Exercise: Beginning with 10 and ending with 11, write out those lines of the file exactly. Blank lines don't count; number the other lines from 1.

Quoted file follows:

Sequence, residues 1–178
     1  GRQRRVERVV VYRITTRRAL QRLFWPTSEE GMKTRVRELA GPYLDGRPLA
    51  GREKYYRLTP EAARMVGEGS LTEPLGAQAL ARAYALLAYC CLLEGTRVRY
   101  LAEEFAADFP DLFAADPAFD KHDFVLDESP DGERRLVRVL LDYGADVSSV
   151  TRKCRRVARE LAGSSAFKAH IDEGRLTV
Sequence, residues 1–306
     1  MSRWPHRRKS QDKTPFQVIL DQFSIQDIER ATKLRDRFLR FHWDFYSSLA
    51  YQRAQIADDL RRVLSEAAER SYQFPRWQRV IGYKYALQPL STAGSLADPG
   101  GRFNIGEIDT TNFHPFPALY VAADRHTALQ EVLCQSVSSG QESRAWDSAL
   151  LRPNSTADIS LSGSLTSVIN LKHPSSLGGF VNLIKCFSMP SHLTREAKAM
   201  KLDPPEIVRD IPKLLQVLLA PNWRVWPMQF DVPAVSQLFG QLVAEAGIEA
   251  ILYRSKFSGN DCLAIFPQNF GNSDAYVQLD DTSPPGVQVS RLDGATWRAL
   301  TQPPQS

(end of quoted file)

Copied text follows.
   151  LRPNSTADIS LSGSLTSVIN LKHPSSLGGF VNLIKCFSMP SHLTREAKAM
   201  KLDPPEIVRD IPKLLQVLLA PNWRVWPMQF DVPAVSQLFG QLVAEAGIEA